I recently came across an upper bound I hadn’t seen before [1]. Given a binomial coefficient *C*(*r*, *k*), let

*n* = min(*k*, *r* − *k*)

and

*m* = *r* − *n*.

Then for any ε > 0,

*C*(*n* + *m*, *n*) ≤ (1 + ε)^{n + m} / ε^{n}.

The proof follows quickly from applying the binomial theorem to (1 + ε)^{n + m}.

I could imagine how non-optimal choice of ε could be convenient in some context, it’s natural to want to see how good the upper bound is for the best ε, which works out to be ε = *n*/*m*.

A little algebra shows this value of ε leads to

*C*(*n* + *m*, *n*) ≤ (*n* + *m*)^{n + m} / *n*^{n} *m*^{m}.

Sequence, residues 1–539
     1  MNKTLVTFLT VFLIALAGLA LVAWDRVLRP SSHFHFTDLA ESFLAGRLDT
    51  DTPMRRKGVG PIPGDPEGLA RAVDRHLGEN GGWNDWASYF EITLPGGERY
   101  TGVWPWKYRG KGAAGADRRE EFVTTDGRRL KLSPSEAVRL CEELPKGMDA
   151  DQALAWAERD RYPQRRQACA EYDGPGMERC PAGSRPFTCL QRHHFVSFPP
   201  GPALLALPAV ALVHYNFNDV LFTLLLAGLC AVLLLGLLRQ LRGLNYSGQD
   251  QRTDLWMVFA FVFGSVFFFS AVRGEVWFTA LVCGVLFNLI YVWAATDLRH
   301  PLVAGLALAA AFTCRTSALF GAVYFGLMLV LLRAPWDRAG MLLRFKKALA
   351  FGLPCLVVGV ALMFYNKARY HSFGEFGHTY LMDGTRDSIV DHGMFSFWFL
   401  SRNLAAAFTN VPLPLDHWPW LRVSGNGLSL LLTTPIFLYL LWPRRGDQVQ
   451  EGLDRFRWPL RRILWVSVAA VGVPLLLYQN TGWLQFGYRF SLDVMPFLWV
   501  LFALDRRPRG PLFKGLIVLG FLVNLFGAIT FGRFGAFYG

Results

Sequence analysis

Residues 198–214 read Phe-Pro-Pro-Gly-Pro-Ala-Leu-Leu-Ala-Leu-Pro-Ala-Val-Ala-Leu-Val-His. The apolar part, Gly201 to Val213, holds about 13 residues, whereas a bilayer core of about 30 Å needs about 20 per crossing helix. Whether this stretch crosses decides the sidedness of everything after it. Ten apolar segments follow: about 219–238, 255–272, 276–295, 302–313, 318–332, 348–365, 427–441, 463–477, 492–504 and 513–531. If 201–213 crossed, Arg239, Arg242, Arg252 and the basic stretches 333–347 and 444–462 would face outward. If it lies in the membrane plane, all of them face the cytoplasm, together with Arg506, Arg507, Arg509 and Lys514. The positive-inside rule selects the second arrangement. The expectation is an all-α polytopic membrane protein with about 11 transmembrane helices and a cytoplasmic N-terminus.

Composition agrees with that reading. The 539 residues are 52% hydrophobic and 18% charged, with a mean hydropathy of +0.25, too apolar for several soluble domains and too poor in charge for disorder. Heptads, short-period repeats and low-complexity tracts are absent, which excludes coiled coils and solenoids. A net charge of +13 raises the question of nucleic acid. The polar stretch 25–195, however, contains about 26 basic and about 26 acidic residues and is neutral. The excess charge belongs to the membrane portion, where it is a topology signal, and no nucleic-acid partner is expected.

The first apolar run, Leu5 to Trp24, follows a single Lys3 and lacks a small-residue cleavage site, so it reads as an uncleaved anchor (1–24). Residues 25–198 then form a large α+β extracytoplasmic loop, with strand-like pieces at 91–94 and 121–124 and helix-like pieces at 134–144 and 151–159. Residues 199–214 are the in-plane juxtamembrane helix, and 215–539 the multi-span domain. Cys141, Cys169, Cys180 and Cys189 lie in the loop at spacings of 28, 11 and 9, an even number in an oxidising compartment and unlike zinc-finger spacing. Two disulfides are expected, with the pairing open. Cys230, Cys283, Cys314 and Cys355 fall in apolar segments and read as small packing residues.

Note that while the original bound is not symmetric in *n* and *m*, the optimal bound is.

Returning to the original notation *C*(*r*, *k*), let’s see how tight the optimal bound is by plotting, as a function of *r*, the maximum relative error as a *k* varies.

The maximum relative error, over the range plotted, is very roughly *r*/10.

## Related posts

- Bounds on the central binomial coefficient
- Non-integer binomial coefficients
- q-binomial coefficients

[1] Grzegorz Łysik. The ε-binomial inequality. The Mathematical Gazette. Vol. 92, No. 523 (March 2008), pp. 97–99